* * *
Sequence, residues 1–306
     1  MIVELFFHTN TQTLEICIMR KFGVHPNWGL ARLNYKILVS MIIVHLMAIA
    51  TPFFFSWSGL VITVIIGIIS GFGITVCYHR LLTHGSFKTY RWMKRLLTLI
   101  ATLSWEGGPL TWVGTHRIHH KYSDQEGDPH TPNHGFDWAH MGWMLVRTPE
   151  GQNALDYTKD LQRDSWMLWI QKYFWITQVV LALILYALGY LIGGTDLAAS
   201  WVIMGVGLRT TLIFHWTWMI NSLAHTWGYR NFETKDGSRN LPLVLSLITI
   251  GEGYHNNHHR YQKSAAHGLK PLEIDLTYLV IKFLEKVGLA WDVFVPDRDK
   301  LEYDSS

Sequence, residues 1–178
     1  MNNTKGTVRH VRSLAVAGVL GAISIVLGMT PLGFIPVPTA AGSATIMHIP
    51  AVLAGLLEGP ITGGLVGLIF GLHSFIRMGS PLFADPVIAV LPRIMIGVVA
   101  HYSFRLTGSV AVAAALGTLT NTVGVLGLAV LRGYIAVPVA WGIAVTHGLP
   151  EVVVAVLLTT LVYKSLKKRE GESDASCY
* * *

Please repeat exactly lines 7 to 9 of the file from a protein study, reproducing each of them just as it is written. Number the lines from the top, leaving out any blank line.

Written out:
   251  GEGYHNNHHR YQKSAAHGLK PLEIDLTYLV IKFLEKVGLA WDVFVPDRDK
   301  LEYDSS

Sequence, residues 1–178